The Pirate Cinema (2012) by Nicolas Maigret is an installation artwork featuring 3 screens, visualising how peer to peer data transfer in real time by using BitTorrent protocols. A collage of top 100 most popular transferred files are played across the 3 screens for a few seconds, including a brief flash of a partial IP address and location. Today, the artwork can be viewed online.
How it was created Built on a data inception software, The Pirate Cinema automatically scans the most viewed torrents. The intercepted data is immediately projected onto the screen, and discarded after. Torrents scanned originates throughout the world.
In recent years, the availability of peer to peer sharing towards millions of internet users has heralded a new form of piracy, inadvertently changing the way how cinema is experienced. By exposing the ‘internal workings of media'[i], Maigret makes visible the limitations of peer to peer sharing with his immersive sensory and audio installation. Concurrently, he also highlights the possibilities of peer to peer sharing for being part of the aesthetic experience.
Relationship with the Third Space Network The Pirate Cinema‘s foundations were built upon the third space, despite itself not being part of the medium, but rather, and extrusion of it. It becomes a visualisation of this abstract space, an amalgamation of the efforts of the collective user network engaged in torrenting (unknowingly). Akin to the 1970s and 1980s video collectives such as Videofreex and TVTV, which attempted to mobilise people to make their own medium rather than being passive consumers of a centrally constructed broadcast programming[i], The Pirate Cinema hosts the ordinary consumer (of networked data) into the role of the changed broadcast programming.
They attempted to democratize the media by facilitating people-to-people communication… activating the production of media around a proliferation of local issues expressed by a range of marginalized communities.
– Randall Packer, author of Third Space Network (2016)
Hence, the marginalised, passive consumers are able to break down the hierarchy in media information corporate structure, even-ing the grounds for communication. In fact, they are altered:
It is a living art, exploiting contemporary forms of digital and physical networks as a mode of open praxis…
– Marc Garett, co-director and co-founder of Internet art collectives and communities in Third Space Network
In fact, its existence as a living art can further contribute to the diversity of the artwork – with its ability to constantly rejuvenating itself based on the whims of the collective community, and free against the rules of the broadcast programming.
Ironically, despite of what it seeks to contravene, The Pirate Cinema‘s delivery emulates the centrally broadcast programming in the top down broadcasting to passive viewers. While its content might be drawn upon from the third space, its narrates its information through a screen – similarly, to passive viewers of the installation. Nevertheless, it remains a pivotal artwork in addressing the abstract realm of the third space, underlining the greater possibilities of the third space as an artistic platform and network.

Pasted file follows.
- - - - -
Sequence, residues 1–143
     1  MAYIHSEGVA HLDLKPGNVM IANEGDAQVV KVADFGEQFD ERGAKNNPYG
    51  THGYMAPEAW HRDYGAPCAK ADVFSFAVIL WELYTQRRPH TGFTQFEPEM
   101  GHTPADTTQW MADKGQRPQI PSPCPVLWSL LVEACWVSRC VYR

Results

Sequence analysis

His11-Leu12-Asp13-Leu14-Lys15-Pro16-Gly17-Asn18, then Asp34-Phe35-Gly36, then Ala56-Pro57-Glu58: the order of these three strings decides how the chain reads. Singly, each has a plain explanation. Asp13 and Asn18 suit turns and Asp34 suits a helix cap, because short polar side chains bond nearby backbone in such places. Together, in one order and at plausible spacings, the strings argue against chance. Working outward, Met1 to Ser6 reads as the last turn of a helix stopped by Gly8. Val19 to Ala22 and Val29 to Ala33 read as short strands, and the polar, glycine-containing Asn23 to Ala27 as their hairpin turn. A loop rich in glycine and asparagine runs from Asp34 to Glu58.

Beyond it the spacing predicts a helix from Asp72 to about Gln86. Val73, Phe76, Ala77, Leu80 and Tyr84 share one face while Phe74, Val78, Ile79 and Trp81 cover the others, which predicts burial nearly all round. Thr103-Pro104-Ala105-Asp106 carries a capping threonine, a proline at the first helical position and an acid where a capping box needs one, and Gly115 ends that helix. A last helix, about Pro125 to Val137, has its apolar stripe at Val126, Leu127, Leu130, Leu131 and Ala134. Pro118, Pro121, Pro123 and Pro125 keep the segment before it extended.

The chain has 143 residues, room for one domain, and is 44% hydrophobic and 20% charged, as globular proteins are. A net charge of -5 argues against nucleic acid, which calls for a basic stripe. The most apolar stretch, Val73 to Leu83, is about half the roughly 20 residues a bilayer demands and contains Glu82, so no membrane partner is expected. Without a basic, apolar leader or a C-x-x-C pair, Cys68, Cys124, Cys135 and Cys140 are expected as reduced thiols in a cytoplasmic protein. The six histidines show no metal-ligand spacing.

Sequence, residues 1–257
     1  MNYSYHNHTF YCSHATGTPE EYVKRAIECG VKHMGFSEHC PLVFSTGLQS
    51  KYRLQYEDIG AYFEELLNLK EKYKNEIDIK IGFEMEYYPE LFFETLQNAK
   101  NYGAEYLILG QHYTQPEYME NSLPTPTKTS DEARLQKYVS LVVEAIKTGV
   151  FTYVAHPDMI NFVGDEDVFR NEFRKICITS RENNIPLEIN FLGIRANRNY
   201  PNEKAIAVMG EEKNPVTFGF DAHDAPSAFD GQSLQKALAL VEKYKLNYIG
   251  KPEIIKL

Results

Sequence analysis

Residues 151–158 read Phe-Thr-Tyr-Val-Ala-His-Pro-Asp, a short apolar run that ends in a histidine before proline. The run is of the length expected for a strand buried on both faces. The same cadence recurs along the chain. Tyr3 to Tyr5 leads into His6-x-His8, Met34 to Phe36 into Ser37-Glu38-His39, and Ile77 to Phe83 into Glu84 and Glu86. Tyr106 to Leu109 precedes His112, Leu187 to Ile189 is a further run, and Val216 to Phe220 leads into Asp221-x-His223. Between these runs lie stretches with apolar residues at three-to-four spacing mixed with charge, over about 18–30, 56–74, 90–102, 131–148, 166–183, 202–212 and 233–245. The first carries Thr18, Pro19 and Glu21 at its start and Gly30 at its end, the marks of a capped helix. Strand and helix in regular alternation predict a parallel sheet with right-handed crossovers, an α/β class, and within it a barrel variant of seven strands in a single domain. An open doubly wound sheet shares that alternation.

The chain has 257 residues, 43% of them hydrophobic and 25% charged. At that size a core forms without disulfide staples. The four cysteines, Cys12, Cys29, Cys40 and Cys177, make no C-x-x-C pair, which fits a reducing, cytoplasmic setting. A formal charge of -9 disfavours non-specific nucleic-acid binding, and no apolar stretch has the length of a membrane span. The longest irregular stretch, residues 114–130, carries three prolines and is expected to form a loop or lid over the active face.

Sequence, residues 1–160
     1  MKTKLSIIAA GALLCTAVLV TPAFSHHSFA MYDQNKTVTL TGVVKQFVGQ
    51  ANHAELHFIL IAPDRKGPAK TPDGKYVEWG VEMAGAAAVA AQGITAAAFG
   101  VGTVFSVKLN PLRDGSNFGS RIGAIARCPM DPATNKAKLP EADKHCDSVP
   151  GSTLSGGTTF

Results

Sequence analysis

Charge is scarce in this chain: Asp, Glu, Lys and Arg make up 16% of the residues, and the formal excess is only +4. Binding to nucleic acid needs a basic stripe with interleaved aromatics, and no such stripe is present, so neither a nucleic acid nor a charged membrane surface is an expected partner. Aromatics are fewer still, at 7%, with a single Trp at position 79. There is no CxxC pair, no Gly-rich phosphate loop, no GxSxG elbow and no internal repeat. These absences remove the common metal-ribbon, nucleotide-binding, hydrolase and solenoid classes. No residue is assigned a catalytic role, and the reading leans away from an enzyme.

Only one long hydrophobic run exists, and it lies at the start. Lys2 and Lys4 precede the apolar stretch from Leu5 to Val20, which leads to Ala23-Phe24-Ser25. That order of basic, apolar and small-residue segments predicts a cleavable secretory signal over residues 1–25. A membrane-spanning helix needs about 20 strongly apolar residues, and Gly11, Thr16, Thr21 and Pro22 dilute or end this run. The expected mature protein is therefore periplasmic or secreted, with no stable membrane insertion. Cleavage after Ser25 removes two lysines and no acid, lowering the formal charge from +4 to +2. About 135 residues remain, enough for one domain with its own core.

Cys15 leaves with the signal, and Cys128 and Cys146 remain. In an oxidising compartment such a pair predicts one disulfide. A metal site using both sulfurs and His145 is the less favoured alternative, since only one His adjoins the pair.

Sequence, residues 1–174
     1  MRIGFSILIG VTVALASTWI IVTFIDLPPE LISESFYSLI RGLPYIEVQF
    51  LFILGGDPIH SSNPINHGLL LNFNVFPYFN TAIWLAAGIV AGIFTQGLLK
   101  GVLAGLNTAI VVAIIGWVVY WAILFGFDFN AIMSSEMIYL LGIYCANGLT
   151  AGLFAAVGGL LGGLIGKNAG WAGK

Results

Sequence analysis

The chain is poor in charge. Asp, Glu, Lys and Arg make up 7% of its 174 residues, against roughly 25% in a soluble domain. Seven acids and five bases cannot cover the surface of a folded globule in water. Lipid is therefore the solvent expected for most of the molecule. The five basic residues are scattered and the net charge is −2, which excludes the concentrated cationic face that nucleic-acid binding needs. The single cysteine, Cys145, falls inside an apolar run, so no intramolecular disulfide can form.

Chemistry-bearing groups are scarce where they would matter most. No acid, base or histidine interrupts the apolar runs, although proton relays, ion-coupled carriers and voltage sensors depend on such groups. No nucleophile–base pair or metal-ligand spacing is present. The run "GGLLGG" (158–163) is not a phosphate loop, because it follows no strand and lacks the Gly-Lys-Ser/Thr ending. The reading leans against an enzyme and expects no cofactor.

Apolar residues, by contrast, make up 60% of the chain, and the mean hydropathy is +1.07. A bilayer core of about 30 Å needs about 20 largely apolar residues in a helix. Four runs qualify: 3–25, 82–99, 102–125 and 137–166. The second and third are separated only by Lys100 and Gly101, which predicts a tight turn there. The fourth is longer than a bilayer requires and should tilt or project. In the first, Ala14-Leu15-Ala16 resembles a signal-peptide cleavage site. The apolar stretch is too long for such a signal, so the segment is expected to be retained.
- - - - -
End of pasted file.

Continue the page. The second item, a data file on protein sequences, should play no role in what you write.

How might the open source system of sharing and collective narrative be a creative inspiration and useful approach for your work as an artist or designer?
The open source system was created in part to subvert the limitations presented by intellectual property legal rights, and the construction of a collective platform for the sharing and compilation of knowledge. As an artist in the making, this open source system of sharing allows me to reference other artworks of both more established artists and my common peers, and be able to understand and pace myself as an individual against the common ground. Art is interpreted on different measures of understanding; the strength of the open source system as a platform to gather artists and thus different opinions and thinking styles, if utilised effectively, can be a resounding force to help artists, or specifically, me, to gather public opinion, and sought critiques which I believe is an essential process in honing oneself as an artist.
On a similar note, while the benefits of Open Source system is definitely admirable, one cannot help but to wonder if there are certain downsides to it. Open source projects which have currently been realised include Blender, Processing, and FastPokeMaps.se. FastPokeMaps however, met an unfortunate downfall when main developer Waryas allowed access to the code for a privileged few, but the code got leaked, and the project was ultimately stopped as a result. As a budding creator, while the open source system is helpful, I feel the need to be wary about the artwork/information I put up on the collaborative platform. Ultimately, this may defeat the purpose of the open; perhaps what we need is a synthesis of both safeguards, and responsible usage. For the starting artist though, the open source system will definitely be a good starting point for her.